Ask Andy: Facebook scam - Action News 5 - Memphis, Tennessee

Ask Andy: Facebook scam

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By Andy Wise - bio | email

MEMPHIS, TN (WMC-TV) - Facebook is only a click away from your family and friends, but it is also a way for hackers to steal your money.

"On a scale of one to 10, I would say it's about a three to break into someone's Facebook account," said Bob Sullivan, Technical Correspondent with msnbc.com.  "Maybe even easier than that."

Hackers took control of Bryan Rutberg's Facebook account and sent an urgent message to all his online friends.

"The story was I'm stuck here in London," Rutberg said.  "I was on vacation at a resort.  We were held at gunpoint and now I have no way to get back home.  Please sent money."

Unable to access his own account, Rutberg spent the next 48 hours franticly trying to contact Facebook.  Before his account was fixed, one of his friends, Beny Rubinstein, wired $1,200 to a Western Union branch in London.

"I asked him a couple of questions that were personal and he answered them properly," Rubinstein said, "so he made me believe I was talking to him."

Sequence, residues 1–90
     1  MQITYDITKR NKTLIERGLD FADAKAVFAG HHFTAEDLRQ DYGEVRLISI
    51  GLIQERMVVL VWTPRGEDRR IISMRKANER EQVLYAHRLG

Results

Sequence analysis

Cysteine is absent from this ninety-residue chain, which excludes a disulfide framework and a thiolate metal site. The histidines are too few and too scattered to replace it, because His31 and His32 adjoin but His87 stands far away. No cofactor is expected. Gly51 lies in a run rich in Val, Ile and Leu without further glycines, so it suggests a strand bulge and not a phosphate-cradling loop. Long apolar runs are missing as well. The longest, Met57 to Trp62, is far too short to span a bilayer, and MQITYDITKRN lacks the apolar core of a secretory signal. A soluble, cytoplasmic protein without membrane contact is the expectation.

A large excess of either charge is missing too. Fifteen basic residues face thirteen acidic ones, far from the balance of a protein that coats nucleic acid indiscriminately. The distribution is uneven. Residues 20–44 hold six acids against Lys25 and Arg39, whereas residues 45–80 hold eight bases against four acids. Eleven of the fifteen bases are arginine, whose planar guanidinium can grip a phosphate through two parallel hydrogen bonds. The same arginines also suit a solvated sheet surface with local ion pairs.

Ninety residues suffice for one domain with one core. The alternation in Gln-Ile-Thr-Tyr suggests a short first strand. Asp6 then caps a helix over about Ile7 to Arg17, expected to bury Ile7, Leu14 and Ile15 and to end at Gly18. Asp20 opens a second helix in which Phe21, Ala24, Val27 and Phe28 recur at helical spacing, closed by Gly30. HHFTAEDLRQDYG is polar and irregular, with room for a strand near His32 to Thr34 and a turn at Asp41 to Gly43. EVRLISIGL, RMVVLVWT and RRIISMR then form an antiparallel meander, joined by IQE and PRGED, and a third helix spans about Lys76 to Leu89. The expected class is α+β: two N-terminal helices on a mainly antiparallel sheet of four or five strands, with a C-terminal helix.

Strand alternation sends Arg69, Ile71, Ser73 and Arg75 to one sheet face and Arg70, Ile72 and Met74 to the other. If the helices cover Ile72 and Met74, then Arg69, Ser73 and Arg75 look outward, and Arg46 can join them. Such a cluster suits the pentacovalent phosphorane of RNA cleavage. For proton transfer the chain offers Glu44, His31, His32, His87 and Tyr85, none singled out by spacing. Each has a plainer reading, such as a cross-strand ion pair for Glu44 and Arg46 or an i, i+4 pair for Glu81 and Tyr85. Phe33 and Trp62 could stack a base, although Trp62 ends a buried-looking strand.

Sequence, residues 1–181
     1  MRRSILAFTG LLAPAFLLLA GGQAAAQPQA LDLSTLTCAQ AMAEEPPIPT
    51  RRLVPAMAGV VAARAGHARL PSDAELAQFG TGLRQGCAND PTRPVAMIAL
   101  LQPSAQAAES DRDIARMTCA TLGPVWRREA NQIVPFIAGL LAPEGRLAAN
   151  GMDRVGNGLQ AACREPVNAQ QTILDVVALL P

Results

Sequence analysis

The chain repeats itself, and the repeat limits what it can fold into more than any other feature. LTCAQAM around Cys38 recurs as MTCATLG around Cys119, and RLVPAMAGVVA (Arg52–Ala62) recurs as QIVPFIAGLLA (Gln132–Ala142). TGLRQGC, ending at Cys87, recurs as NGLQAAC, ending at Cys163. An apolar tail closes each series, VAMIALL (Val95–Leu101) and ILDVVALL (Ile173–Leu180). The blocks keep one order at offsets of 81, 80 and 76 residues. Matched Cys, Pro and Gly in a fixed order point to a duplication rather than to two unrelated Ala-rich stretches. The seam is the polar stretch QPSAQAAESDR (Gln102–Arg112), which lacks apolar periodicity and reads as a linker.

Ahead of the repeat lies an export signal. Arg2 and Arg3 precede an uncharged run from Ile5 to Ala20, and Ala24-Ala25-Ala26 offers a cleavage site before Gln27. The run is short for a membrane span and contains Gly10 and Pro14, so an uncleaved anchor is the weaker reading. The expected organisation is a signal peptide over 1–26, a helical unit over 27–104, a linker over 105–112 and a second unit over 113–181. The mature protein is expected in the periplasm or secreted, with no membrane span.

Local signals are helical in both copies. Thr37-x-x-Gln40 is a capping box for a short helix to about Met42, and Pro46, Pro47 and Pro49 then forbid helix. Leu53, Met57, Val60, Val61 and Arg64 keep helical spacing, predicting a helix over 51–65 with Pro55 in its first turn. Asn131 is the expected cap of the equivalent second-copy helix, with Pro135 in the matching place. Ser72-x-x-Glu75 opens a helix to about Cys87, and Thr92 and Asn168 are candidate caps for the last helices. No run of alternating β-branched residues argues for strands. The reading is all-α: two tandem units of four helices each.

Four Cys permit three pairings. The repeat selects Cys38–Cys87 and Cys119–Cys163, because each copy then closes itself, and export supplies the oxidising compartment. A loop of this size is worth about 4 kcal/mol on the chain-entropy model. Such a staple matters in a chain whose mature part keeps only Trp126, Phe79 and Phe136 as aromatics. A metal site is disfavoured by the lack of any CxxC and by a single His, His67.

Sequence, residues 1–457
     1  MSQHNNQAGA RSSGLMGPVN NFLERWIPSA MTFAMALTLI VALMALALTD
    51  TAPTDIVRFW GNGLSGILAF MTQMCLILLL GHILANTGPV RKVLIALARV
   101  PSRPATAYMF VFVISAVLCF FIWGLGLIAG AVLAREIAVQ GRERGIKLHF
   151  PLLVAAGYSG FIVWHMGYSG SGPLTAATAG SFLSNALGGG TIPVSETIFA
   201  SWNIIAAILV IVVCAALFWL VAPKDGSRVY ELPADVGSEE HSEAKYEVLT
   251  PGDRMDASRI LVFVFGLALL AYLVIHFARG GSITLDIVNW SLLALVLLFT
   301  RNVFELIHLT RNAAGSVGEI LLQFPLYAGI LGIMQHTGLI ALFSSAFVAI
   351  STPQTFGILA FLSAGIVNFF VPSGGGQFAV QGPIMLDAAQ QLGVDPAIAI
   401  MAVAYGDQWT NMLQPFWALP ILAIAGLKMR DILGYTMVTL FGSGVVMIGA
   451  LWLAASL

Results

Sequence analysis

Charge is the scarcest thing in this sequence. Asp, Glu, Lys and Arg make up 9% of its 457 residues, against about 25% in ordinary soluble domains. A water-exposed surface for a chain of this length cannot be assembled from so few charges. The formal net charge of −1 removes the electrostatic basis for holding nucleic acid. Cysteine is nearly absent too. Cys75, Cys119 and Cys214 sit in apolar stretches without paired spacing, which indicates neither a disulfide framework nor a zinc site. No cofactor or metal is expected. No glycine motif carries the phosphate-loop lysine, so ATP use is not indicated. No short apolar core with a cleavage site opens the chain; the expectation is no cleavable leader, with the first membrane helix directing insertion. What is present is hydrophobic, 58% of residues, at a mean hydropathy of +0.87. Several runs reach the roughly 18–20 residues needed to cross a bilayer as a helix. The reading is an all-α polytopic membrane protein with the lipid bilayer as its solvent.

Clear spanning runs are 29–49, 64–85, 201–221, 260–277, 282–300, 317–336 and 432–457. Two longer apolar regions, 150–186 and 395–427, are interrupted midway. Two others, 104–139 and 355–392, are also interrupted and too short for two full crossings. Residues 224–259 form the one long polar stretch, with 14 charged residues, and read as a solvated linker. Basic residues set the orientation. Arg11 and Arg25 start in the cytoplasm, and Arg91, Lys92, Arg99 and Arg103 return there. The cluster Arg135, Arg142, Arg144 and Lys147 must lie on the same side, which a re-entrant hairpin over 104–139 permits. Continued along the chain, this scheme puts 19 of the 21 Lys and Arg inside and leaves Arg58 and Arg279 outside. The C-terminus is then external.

"What a nice testament to our friendship," Rutberg said, "but how awful that someone was able to take advantage of that friendship."

Rutberg said part of the problem is that Facebook does not have a phone number or hotline for uses.  If your account is hacked, you have to e-mail the Facebook security team and wait.

Facebook said that with over 400 million users worldwide, they are just not staffed to provide that service.

Experts said to have more than one contact e-mail address in case one is compromised.  Also, do not use the same password for all your web accounts and be suspicious of anyone who asks for money online, even a friend on Facebook.

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